My Turn: Say no to the the MCAS, this year more than ever

Published: 1/27/2021 3:56:34 PM

There is an increasing push from around the state to suspend giving the MCAS this school year due to the pandemic. While there have been major concerns about the MCAS for years and years, even before the pandemic, now that most districts are holding classes remotely the concerns about the testing are getting louder and more insistent.

Children have lost family members. Their parents have lost jobs or are carrying out jobs that place them at risk of getting COVID. Families are struggling to eat, to keep their housing, to care for loved ones they can’t physically visit. Children have not seen their friends or teachers for close to a year. And, as always, children living in poverty, children of color have experienced the most serious consequences from COVID and the most challenges taking part in remote learning.

There is no assessment expert in the country (not working for Pearson) who would place any value of any kind on the results of this year’s MCAS. Teachers are not prepared to teach remotely, children are overwhelmed with hours of Zooms each day, families are stressed to the max, trying to balance supporting/supervising their children at home, maintaining their jobs and keeping the family and home together. Adding the stress of MCAS to this load is cruel and abusive, and of no educational value. Suspend it, for this year and the next.

The argument that we need MCAS to know where the kids are is a cynical lie. Teachers are assessing every moment of the day, in many different ways and so they know their students and what they can or can’t do. And MCAS results don’t come back until after the school year ends meaning they are worthless in terms of guiding teaching and learning. Politicians and commissioners claim they want decisions to be data driven, but they consistently ignore the data they already have, that these tests, even in healthier times, have not improved the educational experience of our children, have not narrowed the so-called achievement gap (itself a racist theme), and are most certainly not going to be of value this year.

It is still likely that the legislature will insist on administering the MCAS, for political and economic reasons; they have donors and supporters who make big bucks off of these tests and would be concerned once the public figured out that they didn’t really need high stakes testing to carry out an educational program. How can we work to force the legislature to suspend the tests, or protect your children from them? I have four suggestions.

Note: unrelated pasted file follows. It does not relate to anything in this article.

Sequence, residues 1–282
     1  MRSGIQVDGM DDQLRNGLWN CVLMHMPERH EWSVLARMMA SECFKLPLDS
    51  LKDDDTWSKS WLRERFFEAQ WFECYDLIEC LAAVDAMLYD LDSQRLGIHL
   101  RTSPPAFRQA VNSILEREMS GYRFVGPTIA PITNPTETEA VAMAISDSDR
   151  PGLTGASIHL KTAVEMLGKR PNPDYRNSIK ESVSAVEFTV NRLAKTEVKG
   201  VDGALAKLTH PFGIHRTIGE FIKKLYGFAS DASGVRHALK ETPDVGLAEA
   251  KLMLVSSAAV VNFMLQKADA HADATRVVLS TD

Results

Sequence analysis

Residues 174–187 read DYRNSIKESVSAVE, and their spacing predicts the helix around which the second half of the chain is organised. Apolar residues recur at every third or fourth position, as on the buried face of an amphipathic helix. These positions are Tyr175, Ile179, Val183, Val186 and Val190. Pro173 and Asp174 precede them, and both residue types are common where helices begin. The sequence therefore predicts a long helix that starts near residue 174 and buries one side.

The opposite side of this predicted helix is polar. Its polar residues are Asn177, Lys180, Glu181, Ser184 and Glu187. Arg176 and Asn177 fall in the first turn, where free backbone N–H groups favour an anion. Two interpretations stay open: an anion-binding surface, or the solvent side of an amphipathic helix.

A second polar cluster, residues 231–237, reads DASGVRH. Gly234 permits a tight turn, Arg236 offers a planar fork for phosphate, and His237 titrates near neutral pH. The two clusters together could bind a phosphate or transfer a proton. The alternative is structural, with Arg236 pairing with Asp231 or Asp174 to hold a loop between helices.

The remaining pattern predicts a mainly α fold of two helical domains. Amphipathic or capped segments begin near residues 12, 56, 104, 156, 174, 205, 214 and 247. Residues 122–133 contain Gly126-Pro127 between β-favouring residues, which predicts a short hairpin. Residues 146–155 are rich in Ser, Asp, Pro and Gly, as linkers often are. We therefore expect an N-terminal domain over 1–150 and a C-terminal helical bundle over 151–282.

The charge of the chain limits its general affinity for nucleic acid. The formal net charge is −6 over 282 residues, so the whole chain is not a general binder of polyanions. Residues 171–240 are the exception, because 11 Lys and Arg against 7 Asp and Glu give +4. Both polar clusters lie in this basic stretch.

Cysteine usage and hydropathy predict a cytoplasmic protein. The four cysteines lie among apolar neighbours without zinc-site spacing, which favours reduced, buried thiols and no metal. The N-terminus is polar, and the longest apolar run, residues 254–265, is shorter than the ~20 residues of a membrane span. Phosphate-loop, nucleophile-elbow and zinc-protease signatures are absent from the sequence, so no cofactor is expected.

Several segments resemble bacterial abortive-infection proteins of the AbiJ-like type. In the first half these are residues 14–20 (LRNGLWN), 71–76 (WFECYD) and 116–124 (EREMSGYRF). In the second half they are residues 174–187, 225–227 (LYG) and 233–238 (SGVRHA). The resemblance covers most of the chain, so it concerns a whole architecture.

First, make contact with your local school, your district superintendent, and your local school committee. Let them know you want the MCAS suspended for this year (and next). Be aware that the teachers and even school administrators may not respond much because they have been ordered not to say anything, but most of them will agree with you.

Second, contact your legislators and members of the legislative education committee with the same message.

Third, opt out your child(ren) from the tests. There is a legal requirement that schools offer the tests, but no legal requirement that your children take them. You have the right to refuse to allow your children to take the tests with no consequences for your child or your child’s school. Students about to graduate may need to take the tests, but those grades 3-8 do not need to do so to move on to the next grade.

Fourth, contact other parents and families, PTOs and others across the community, to hold forums or information sessions. Look to organizations such as Citizens for Public Schools (https://www.citizensforpublicschools.org/) or Fair Test (fairtest.org) for more information. CPS has model opt out forms on their web site, and it is easy to do.

Send the principal a letter saying you don’t want your child to take the test. For example:

“Dear —, I have asked my child, [name], not to take part in the [name the exam] this year. Please arrange for [him or her] to have a productive educational experience during the testing period.”

To repeat, opting out is legal and there are no consequences for your child. By doing this you are helping to keep your child from increased stress and harm and making a clear statement to the school, district, and state that giving high stakes testing in the midst of a pandemic is cruel, abusive, and wrong.

Doug Selwyn is a resident of Greenfield.


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